The novel coronavirus (SARS-cov2) or COVID-19 has spread as pandemic worldwide from its place of origin in Wuhan City of Hubei Province of China. Many of the countries have faced more than one waves of epidemic since December 2019 till date. On March 11, 2020, the World Health Organization (WHO) has declared COVID-19 as a global pandemic and most of the countries worldwide have registered COVID-19 cases and mortality. As of till May 18, 2021, a total 16.4 crore cases, and 34.1 lakh deaths have been reported at the global level.[1]

In India, the first case of COVID-19 was reported on January 30, 2020, and almost for 1 month there was no incidence until March 3, 2020. From March 3rd onward, there has been regular incidence of COVID-19 reported from all the states and UTs except few. Till May 18, 2021, a total of 2.55 crore cases and 2.83 lakh deaths have been reported from almost all the states and UTs of India. The first case of COVID-19 was reported on March 20, 2020 in Bihar. The total cases and deaths reported from various districts of Bihar till May 18, 2021, was 6.64 lakhs and 4039 deaths, respectively.[2]

Characterization of COVID-19 infection in hospitalized patients is urgently needed to support the clinical decision-making and the appropriate allocation of resources. Retrospective analysis of patient characteristics and laboratory findings including neutrophil and lymphocyte count ratio (NLR) and several inflammatory markers including lactate dehydrogenase (LDH), C-reactive protein (CRP), ferritin, and interleukin-6 (IL-6) can be helpful in assessing the severity and predicting the mortality. Some studies have reported high level of several inflammatory markers correlating with disease severity for predicting the disease outcome.[3],[4] However, the prognostic value of these markers needs to be established for taking clinical decisions and management of COVID-19 cases admitted to hospitals.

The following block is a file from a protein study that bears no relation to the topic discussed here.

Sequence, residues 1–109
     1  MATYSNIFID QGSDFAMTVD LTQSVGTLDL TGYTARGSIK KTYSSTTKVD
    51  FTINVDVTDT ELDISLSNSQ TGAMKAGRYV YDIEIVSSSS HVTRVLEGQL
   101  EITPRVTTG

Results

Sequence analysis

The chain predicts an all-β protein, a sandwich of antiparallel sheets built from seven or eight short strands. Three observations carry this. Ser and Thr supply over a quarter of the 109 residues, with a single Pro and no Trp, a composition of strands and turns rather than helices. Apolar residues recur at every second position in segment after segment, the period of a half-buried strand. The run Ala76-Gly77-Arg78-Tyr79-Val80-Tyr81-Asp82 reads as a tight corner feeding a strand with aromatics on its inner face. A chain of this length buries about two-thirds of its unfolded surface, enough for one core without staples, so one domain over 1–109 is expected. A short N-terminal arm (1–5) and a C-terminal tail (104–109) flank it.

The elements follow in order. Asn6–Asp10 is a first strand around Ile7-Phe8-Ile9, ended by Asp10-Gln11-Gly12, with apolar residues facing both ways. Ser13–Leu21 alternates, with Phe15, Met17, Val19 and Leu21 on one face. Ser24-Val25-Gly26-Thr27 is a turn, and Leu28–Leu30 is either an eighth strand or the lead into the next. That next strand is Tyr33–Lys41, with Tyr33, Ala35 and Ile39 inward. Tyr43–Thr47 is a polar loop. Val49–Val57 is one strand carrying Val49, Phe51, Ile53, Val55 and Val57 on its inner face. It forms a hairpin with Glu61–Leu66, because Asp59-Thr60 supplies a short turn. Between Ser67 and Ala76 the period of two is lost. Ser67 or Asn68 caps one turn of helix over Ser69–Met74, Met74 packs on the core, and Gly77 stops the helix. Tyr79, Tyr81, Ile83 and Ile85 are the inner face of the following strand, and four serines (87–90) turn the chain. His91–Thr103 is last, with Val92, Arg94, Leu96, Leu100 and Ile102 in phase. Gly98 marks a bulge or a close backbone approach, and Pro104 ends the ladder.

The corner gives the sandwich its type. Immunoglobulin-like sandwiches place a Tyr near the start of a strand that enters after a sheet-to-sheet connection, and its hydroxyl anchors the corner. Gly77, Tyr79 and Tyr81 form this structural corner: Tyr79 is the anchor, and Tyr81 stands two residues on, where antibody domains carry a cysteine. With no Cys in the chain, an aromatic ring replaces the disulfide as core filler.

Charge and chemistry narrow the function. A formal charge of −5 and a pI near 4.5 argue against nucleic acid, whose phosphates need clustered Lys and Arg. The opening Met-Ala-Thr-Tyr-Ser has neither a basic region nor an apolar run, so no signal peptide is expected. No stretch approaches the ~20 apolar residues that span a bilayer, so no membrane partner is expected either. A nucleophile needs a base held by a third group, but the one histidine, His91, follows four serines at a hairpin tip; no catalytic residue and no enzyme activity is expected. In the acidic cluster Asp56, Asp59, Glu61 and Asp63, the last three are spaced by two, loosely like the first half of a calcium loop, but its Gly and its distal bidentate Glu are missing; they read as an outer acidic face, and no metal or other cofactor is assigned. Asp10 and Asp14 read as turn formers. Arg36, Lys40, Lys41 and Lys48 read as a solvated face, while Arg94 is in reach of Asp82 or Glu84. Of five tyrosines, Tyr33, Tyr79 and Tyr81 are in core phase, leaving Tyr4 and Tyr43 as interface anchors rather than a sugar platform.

This study was carried out to assess the relationship of serum CRP, ferritin, D-dimer, and LDH levels and NLR level of the patients at the time of admission with the outcome such as death/discharge and also in relation to the severity levels with-in hospital among patients with COVID-19 infection and to determine cut-off values of these biomarkers and NLR for predicting the mortality.

  Materials and Methods Top

This cross-sectional study was carried out at the Department of Pulmonary Medicine, All India Institute of Medical Sciences, Patna, Bihar, India. Records of all the patients of COVID-19 admitted in wards and intensive care units of hospital from July to August 2020 were retrieved from the Medical Record Department using the patients ID. A patient record form was developed to capture important variables such as sociodemographic, date of admission and discharge, clinical signs and symptoms, comorbidities, severity score, biomarkers and laboratory parameters at the time of admission, and outcome at the time of discharge. Disease severity was assessed using WHO guidelines.[5]

Out of total 984 records, data of biomarkers at admission were not available for all the patients. Data of CRP, ferritin, D-dimer, LDH, and NLR were available for 513, 686, 661, 408, and 972 patients respectively. Hence, separate analysis was done for each of the biomarkers and NLR with respect to disease severity and outcomes.